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CFPB report highlights vulnerability of older consumers

The population of older Americans here in the U.S. is growing at a remarkable rate, fueled almost entirely by the baby boomer generation, whose members are enjoying longer, healthier lives. If you don't believe it, consider that statistics show as many as 10,000 Americans are turning 62 every day.

While it's encouraging to see this new generation of older Americans leading vibrant and fulfilling lives, it cannot be denied that there are certain risks to aging. Indeed, many older individuals often face limited resources, debt struggles and, sadly enough, financial exploitation.

Regarding this last point, consider that the Consumer Financial Protection Bureau has released a report summarizing complaints received from consumers who voluntarily identify themselves as being 62 or older.

The report indicates that as of April 1, 2017, the agency has handled an astounding 1,163,200 complaints, 9 percent -- or 103,100 -- of which were filed by older consumers. Breaking these numbers down, the report found that as of March 2017, the most recent month for which complete data is available, older consumers filed 2,169 consumer complaints.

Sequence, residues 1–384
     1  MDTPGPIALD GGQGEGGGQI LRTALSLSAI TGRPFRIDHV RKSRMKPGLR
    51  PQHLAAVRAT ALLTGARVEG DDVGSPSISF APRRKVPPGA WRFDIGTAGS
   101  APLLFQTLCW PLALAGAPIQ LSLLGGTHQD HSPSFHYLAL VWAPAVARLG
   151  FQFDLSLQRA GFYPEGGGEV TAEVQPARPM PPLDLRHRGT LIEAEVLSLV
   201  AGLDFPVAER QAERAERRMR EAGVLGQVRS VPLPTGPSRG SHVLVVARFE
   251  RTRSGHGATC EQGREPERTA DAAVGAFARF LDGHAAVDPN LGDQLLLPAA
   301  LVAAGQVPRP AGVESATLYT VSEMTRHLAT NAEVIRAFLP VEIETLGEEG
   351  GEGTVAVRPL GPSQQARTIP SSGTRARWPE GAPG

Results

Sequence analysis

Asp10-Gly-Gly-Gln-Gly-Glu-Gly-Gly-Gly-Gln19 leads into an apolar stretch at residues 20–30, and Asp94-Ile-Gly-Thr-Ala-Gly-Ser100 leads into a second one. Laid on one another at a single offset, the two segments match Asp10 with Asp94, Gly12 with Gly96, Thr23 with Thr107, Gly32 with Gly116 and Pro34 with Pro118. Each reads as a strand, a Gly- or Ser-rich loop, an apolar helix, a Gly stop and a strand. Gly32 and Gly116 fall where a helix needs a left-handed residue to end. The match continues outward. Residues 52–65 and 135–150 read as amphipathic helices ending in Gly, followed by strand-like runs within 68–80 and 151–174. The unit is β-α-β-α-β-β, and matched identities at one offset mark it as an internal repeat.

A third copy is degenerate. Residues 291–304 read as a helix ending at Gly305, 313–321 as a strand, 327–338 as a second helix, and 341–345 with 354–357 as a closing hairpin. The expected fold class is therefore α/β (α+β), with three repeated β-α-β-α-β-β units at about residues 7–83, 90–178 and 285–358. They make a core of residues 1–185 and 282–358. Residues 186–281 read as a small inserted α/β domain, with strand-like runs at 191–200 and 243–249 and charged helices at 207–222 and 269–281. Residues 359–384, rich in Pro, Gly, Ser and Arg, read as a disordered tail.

As to the top three sources of the March 2017 complaints, they included debt collection (496 complaints), mortgages (486 complaints) and credit reporting (326 complaints).

The second place status of mortgages is perhaps unsurprising given that these complaints have comprised roughly 26 percent of all older consumer complaints submitted to the CFPB since its inception back in 2011. In fact, this is 10 percentage points higher than mortgage-related complaints filed by people under 62.

As to why this is such a problem area, CFPB officials point to servicing problems with reverse mortgages that can result in foreclosure. For those unfamiliar with reverse mortgages, they are essentially a specialized loan enabling those over 62 to borrow against their home equity.

Some of the other problem areas for older consumers as identified by the CFPB include:

  • Confusion about credit card offers
  • Hardship recovering from financial fraud
  • Fees for unwanted products or services

As frustrating as these scenarios can be, it's imperative for older consumers to understand that they are not without options and that they can do more than just file a complaint with the CFPB. Indeed, they can consider speaking with a skilled legal professional committed to enforcing their rights and protecting their finances.

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